That said, the short length of each episode, only 25 minutes including credits, palliates any excessive length of the series as a whole, and the pacing within episodes is good, with most ending on cliff-hangers that do generate a sense of suspense and desire to continue with the next one. Kudos to the creators, too, for including surtitles identifying each work being played, complete with opus numbers and key signatures, and for accurately depicting authentic piano marques that might well be encountered at a major interntational competition: Steinway, Yamaha, and Shigeru Kawai. Besides, when's the last time you saw a fictional series centered around a major international classical music competition? And I do mean the competition and its performers' struggles and strivings there, not some sappy love story with the competition as window dressing. The plot even addresses the political undercurrents that all too often infect judging at such events. As a story, Forest of Piano remains entertaining throughout, with enough meat to satisfy the adult viewer (or, at least, this one), and the young characters central to it are, within the slightly magic-infused framework, believable, reasonably to well fleshed out, and generally appealing, not those noxious, phoney, too-cute-by-half little TV brats we all know and hate.

I think the series would be a great way to introduce otherwise oblivious kids--or their uninitiated seniors!--to classical piano in general and Chopin in particular. Note that although almost entirely lacking in racy “fan service,” it may not be entirely appropriate for very young ones: the characters' back stories have some “dark” elements, such as the squalid surroundings of Kai's upbringing, another competitor's abusive childhood, and a gratuitous but thankfully brief plot line about some mafioso types going after the abusive surrogate parent for reasons that were never entirely clear to me. On the other hand, the story has some hilarious comic relief, and, notwithstanding its magical elements, an appealing “rags to riches, dedication rewarded” theme and puts classical piano front and center in young people's lives, with nary a hint of the exclusively pop music boosterism universal in programming accessible to kids these days. Moreover, on reflection I'd say the tough aspects aren't much out of line with the sort of stuff that goes on in a mass-market Disney feature. Kids are inevitably exposed to much worse in this Internet age anyhow. So, in sum: Forest of Piano is well worth giving a try if you are susceptible to animated features and have any love of or interest in the world of the classical piano.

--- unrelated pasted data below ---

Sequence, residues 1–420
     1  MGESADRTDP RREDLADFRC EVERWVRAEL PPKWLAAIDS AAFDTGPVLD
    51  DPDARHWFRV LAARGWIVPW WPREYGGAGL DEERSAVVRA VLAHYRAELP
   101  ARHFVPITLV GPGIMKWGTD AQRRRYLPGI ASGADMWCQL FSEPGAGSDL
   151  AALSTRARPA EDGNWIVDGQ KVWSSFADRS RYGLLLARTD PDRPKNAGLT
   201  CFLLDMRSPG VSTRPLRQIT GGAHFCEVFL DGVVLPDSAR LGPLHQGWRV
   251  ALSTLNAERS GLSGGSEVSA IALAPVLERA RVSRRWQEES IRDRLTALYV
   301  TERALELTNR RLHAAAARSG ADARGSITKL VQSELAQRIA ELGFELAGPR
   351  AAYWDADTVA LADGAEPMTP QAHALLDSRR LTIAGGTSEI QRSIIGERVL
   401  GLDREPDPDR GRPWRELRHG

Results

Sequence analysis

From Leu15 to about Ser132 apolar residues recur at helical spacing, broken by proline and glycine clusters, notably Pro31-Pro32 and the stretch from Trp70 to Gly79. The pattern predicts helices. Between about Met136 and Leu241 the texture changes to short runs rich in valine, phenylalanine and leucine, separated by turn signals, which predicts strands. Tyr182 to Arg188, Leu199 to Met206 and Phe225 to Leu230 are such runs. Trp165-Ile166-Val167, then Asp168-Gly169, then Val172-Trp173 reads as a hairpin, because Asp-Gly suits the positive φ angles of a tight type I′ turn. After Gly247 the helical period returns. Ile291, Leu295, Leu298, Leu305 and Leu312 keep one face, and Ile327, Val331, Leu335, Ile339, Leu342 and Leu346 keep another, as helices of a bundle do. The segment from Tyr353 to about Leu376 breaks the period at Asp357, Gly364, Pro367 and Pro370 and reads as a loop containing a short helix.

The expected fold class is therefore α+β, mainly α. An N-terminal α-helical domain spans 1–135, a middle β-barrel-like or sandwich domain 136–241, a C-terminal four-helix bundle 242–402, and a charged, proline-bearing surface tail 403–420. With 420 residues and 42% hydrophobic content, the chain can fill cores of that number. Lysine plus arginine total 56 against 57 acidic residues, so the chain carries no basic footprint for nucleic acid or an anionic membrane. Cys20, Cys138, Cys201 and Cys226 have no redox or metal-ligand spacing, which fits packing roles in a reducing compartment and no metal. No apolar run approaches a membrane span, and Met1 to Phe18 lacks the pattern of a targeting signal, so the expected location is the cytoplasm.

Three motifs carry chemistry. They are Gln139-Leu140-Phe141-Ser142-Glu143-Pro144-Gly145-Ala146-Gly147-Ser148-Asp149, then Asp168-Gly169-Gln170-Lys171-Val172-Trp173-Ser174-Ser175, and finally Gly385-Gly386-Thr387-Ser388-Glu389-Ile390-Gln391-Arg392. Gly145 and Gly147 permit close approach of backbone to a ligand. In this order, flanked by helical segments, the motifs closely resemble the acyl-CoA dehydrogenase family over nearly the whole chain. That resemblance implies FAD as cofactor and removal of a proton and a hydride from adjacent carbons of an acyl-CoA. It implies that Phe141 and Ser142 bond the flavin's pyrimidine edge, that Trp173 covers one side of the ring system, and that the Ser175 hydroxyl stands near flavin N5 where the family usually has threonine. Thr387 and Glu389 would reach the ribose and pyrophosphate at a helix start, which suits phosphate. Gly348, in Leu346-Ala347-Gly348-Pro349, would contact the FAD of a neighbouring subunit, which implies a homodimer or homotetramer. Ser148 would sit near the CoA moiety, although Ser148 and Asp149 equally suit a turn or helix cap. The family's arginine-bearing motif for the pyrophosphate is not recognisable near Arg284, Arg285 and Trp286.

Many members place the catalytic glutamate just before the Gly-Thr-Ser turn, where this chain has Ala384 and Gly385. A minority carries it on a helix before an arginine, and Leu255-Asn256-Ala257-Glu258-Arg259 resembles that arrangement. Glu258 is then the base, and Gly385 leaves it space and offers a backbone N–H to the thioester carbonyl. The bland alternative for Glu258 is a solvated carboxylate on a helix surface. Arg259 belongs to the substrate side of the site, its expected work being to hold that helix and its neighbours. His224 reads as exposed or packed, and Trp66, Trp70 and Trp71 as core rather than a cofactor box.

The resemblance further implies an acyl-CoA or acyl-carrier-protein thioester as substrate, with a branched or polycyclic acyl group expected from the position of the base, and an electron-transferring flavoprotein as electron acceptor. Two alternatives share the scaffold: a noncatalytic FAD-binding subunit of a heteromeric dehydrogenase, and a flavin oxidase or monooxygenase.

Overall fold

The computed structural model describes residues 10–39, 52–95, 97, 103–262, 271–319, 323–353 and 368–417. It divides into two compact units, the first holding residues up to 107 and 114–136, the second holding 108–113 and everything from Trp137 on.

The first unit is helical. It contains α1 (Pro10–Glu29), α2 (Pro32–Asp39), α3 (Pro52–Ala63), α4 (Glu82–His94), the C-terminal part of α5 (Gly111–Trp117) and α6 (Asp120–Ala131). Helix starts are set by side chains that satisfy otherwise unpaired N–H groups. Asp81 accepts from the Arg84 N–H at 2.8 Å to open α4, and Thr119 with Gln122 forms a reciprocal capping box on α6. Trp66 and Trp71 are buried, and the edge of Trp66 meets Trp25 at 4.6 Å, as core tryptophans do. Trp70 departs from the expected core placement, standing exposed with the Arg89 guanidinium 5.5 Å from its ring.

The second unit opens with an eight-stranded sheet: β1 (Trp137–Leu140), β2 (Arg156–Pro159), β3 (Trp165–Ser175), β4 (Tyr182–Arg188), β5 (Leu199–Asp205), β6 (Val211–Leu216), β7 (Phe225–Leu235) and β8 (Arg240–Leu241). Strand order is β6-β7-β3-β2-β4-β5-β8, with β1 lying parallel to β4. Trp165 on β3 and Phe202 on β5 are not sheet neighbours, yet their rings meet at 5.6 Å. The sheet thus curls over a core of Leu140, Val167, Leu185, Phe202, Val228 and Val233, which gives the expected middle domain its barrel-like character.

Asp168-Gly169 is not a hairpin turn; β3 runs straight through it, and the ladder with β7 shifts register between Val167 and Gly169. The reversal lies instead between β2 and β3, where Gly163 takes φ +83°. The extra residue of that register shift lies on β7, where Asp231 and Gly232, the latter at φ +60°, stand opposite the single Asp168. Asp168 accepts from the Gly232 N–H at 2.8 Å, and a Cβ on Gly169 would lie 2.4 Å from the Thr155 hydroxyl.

[1] - Note, however, that although Kai Ichinose's ability to pick up even complicated music on one hearing without having seen a score may seem implausible, it is not historically unprecedented: supposedly celebrated Romanian pianist Clara Haskil had much the same facility, perhaps to an even greater degree. According to an article by Peter Feuchtwanger, “At the age of three she could pick out any tune that an older sister played on the piano. She was not yet five when a professor at the Bucharest Academy visited her parent\92s home and played a Mozart sonata. When he finished she repeated the sonata perfectly, while simultaneously transposing it into another key, all without having had any musical instruction.”